Alexander Reid Cunningham and Caroline McGregor had 3 children, Sheena (Gaelic for Jane), Lena (short for Carolina) and William, my father. Apparently he could not wait to be big enough to thump his bossy sisters. By the time he was big enough though, he no longer wanted to.

As an aside, my great grandad had a brother called George, who was a bit of a celebrity in Ayrshire. He was a poet and well-known entertainer and went by the name of Pate McPhun. I mention this because my father had an enduring passion for literature and also wrote poetry for a hobby.

Bill was educated at Kilmarnock Academy and passed the entrance exam for Glasgow University aged sixteen and a quarter. He then had to wait a year to be old enough to go there. Whilst at University he continued with his sports, rugby and golf, but also became very involved with the Glasgow University Magazine (G.U.M) eventually becoming Editor, the first medic to do so at that time.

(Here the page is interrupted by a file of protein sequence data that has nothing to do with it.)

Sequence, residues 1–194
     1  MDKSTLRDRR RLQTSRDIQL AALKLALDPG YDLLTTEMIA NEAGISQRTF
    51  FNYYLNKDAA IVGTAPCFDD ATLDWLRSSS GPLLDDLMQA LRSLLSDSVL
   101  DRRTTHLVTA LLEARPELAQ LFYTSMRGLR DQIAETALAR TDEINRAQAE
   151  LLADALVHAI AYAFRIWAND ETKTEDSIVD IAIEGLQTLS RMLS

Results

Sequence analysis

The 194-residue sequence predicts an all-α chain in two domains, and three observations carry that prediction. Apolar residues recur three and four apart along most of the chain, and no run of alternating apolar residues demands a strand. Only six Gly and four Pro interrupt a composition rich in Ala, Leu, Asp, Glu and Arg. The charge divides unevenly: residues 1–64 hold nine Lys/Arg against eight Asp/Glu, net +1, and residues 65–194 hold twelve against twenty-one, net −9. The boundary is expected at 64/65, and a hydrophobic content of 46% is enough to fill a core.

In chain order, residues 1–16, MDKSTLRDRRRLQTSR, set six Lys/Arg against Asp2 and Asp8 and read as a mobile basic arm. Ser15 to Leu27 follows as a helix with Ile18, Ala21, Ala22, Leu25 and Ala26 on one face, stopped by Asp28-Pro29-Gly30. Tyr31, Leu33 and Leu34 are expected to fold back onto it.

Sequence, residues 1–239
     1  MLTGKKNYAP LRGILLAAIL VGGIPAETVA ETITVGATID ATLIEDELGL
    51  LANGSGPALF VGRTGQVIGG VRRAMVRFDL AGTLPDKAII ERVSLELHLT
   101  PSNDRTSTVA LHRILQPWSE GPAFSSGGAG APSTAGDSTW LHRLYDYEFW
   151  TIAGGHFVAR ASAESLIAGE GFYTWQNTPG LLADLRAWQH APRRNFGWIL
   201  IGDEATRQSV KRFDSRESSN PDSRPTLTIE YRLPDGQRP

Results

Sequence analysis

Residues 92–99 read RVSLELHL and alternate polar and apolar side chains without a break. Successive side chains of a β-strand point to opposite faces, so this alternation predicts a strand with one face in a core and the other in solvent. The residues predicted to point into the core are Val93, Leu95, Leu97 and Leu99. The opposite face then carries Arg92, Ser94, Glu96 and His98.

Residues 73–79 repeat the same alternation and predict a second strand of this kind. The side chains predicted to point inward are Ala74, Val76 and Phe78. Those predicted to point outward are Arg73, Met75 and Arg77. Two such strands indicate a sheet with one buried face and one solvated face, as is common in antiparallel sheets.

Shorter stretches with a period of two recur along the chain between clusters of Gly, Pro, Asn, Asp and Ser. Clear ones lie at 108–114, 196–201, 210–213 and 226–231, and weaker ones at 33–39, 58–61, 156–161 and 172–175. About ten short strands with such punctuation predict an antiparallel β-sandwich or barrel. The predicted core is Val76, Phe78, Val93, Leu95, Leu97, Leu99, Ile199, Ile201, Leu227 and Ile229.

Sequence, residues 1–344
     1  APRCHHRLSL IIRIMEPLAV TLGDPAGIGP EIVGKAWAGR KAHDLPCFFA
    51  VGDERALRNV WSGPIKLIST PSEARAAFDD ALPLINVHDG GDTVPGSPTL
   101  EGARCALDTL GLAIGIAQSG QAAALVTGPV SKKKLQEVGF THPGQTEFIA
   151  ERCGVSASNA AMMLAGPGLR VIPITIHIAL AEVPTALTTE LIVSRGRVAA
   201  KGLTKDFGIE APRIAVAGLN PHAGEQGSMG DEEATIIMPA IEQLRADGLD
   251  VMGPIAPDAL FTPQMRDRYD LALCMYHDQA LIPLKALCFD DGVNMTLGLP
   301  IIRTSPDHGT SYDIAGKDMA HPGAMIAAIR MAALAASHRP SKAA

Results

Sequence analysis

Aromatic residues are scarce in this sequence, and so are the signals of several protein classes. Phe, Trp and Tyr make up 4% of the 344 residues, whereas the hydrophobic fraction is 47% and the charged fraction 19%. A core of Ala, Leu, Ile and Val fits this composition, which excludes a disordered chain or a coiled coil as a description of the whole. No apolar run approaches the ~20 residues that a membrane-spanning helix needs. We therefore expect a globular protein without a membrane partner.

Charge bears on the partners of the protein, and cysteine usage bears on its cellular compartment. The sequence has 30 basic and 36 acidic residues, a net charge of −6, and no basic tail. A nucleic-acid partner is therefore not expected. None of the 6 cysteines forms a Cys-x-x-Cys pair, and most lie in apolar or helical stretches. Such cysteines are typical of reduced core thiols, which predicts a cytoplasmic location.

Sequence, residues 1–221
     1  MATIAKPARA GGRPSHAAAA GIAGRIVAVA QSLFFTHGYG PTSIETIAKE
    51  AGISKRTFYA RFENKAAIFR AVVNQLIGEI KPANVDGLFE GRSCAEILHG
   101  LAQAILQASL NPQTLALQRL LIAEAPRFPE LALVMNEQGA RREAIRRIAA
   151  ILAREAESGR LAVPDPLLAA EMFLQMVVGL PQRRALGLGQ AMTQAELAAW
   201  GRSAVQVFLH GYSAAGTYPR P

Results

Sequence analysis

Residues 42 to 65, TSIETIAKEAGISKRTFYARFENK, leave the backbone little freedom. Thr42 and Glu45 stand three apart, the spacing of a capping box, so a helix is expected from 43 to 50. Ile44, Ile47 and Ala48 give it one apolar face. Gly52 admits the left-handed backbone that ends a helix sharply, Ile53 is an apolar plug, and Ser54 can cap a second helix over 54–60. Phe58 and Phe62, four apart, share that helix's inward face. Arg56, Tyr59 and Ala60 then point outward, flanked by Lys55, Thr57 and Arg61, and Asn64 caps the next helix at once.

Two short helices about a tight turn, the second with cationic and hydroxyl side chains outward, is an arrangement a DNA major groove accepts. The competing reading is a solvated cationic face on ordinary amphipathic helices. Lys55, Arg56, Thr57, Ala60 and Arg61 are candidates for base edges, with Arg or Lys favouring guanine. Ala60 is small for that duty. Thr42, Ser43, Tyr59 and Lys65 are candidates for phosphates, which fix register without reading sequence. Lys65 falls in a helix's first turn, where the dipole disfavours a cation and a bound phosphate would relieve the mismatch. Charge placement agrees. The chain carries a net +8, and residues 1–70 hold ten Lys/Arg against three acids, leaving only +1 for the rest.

As Editor, Bill was in charge of taking the completed magazine to the printers, where he waited until it was type-set to find how many inches there were left to be filled, whereupon he would sit down and write poems to fill them. He wrote under several noms-de-plumes and I still have bound copies of some of these annuals.

My mum used to come over to the university and sit with my dad whilst he studied. It was only later on that she discovered inside the huge medical book he was supposedly studying with great interest, a smaller paperback that he had actually been enjoying.

My father had the typical Scot’s passion for golf and was able to combine this with his work schedule very effectively. Morning surgery followed by home visits, lunch, a round of golf and then evening surgery was the preferred routine. In the evenings, after some TV watching, he would retire to his study to read and to write poetry. He very much favoured writers such as Kipling and Chesterton.

Bill did not retire from practice until his early seventies, when he developed Parkinson’s disease. Both he and his wife, Margaret, were very fond grandparents to my sons, another Alex and a Tom. They had them for lunch every Sunday, for instance, which enabled me to get housework done, and returned them in time for evening meal which we all ate together. They were also wonderful at looking after the boys when they were ill, so I could go to work; my own personal doctor!


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